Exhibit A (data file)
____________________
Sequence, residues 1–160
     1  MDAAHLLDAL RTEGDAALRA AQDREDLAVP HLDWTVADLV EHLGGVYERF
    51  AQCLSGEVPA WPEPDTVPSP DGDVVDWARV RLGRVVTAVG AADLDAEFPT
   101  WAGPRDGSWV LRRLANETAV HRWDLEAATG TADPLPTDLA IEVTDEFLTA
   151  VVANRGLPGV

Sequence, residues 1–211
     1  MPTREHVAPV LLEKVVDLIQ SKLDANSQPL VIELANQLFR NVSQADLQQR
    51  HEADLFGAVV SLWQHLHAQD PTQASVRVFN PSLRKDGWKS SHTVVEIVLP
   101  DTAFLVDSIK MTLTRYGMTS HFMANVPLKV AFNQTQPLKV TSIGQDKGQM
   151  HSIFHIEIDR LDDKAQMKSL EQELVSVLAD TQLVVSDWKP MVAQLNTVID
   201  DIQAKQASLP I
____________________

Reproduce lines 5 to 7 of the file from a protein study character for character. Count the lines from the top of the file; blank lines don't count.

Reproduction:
   151  VVANRGLPGV

Sequence, residues 1–211
     1  MPTREHVAPV LLEKVVDLIQ SKLDANSQPL VIELANQLFR NVSQADLQQR